US justifies drone hits by citing Blair defence of Iraq war
A DEFENCE of Britain's role in the war on terrorism given by Tony Blair's government after the invasion of Iraq is secretly being used by the Obama administration to help justify its drone campaign against al-Qa'ida.
In a classified memo which argues that its so-called "targeted killing" campaign is legal, the US cites remarks made in 2004 by Lord Goldsmith, then Mr Blair's attorney general, on why Britain's right to defend itself should include taking pre-emptive military action.
"It must be right that states are able to act in self-defence in circumstances where there is evidence of further imminent attacks by terrorist groups, even if there is no specific evidence of where such an attack will take place or of the precise nature of the attack," Lord Goldsmith said at the time.
His 2004 comments are being used by Mr Obama's justice department to build an argument that the US is entitled to kill Americans who are "senior operational leaders" of al-Qa'ida or "an associated force", even when there is no evidence they are actively plotting to attack.
The document, which was published by NBC News, discloses some of the long-awaited and secret legal reasoning for Mr Obama's use of unmanned drones to kill al-Qa'ida terrorist suspects who are also US citizens, such as Anwar al-Awlaki, the radical cleric who was killed in Yemen in September 2011.
The "white paper" was given to the Senate intelligence and judiciary committees by the administration last summer on condition that it not be made public.
The committees are investigating the drone campaign, which was only recently acknowledged in public by senior US officials. The attacks on American citizens, who have constitutional rights to a fair trial on criminal charges, has provoked criticism from human rights campaigners. The memo sets out a three-part test for strikes against US citizens: that a suspect must pose an "imminent" threat; that his capture must be "infeasible" and that the strike conforms to "law of war principles". In what is likely to be one of its most contentious passages, however, the memo makes an expansive case for what constitutes an "imminent" threat against America, at one stage citing Lord Goldsmith's 2004 comments.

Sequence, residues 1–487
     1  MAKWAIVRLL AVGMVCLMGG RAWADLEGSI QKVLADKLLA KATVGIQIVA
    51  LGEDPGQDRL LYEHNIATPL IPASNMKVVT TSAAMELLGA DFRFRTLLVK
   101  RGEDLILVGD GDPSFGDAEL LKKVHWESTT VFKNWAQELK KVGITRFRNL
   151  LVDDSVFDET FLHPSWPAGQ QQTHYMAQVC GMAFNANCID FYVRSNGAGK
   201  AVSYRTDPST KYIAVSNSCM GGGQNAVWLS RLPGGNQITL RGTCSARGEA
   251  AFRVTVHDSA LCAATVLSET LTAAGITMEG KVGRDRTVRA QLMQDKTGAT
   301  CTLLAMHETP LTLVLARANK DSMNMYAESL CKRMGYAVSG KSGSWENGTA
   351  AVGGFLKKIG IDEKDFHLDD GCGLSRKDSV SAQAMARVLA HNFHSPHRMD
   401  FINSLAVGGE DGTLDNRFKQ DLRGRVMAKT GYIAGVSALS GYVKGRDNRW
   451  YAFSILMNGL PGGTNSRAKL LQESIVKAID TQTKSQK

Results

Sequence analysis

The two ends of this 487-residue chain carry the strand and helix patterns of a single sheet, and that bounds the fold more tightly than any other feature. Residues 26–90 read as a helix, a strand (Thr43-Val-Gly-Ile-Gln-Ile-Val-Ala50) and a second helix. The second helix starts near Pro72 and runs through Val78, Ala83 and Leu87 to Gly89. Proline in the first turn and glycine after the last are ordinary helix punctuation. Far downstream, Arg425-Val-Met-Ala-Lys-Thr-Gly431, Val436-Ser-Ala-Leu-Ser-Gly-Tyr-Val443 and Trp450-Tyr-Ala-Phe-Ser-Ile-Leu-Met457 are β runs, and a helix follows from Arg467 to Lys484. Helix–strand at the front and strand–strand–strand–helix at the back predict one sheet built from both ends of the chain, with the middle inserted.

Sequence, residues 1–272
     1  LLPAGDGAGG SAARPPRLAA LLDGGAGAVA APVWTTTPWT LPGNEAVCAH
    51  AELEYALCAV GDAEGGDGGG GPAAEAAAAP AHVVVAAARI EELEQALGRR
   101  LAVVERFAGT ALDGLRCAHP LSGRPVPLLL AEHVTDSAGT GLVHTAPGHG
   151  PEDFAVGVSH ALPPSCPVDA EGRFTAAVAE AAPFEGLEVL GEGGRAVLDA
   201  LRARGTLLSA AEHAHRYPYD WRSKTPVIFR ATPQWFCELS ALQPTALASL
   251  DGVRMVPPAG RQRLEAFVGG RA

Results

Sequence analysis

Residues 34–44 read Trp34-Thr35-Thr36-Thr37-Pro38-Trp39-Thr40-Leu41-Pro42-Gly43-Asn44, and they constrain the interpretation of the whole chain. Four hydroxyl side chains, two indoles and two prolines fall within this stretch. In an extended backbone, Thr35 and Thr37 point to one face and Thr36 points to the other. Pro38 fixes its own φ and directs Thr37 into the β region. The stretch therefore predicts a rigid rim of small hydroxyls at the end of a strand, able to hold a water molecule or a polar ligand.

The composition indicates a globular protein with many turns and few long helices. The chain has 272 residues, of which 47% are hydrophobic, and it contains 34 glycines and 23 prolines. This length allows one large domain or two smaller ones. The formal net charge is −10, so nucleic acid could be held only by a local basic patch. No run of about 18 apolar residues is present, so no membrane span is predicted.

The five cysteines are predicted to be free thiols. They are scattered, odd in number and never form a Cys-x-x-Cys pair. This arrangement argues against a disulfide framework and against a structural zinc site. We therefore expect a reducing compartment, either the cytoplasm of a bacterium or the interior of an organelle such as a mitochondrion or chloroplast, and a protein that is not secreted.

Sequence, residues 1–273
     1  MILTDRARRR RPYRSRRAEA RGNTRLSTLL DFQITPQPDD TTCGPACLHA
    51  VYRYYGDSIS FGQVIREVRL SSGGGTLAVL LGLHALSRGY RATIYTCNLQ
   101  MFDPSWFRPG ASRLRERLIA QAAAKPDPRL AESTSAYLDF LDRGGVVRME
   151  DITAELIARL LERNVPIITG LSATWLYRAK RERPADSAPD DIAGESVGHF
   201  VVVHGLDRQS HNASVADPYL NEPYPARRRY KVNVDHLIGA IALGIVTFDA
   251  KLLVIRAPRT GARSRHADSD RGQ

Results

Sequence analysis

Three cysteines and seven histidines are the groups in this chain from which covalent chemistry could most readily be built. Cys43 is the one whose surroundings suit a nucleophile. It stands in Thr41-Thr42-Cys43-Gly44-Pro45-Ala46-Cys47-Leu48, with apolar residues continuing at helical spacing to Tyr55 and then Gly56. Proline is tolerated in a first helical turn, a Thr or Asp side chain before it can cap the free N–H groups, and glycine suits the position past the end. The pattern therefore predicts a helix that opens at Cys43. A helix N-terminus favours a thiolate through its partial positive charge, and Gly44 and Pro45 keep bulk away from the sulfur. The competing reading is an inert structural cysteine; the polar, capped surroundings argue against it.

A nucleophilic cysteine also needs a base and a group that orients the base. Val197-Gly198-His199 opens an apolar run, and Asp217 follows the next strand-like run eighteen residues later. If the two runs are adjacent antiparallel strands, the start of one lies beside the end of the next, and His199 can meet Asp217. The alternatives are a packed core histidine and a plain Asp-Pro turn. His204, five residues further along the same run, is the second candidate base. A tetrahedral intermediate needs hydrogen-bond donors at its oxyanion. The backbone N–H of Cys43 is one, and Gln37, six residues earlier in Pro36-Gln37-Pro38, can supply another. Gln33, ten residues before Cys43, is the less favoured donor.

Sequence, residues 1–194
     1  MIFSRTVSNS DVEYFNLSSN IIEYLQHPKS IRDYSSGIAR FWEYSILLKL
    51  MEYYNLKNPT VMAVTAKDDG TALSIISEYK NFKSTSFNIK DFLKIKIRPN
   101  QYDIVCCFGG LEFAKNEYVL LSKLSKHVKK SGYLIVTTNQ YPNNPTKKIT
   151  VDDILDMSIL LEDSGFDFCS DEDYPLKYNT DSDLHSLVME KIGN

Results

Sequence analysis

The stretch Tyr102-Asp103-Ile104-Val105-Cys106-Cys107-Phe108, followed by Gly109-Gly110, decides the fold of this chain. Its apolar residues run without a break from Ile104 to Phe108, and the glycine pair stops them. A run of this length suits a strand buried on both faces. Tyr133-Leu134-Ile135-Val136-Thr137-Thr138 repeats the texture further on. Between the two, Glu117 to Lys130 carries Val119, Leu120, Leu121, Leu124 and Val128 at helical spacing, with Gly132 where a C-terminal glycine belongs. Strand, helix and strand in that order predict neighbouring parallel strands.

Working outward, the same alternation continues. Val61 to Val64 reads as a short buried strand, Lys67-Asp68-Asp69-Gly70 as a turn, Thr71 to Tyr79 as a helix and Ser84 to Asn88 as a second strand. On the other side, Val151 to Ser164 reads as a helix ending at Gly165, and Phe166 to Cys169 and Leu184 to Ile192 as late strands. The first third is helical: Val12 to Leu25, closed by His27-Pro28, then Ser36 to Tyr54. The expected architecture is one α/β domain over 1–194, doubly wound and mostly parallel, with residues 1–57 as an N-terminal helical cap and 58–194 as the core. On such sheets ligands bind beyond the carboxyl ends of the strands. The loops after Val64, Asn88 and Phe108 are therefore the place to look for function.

"The condition that an operational leader present an 'imminent' threat of violent attack against the United States does not require the United States to have clear evidence that a specific attack on US persons and interests will take place in the immediate future," it states.
Before his death, Awlaki, who was born and educated in the US, was linked to numerous terrorist plots, including the so-called "pants bomber", who attempted to bring down an airliner bound for Detroit on Christmas Day 2009. (© Daily Telegraph London)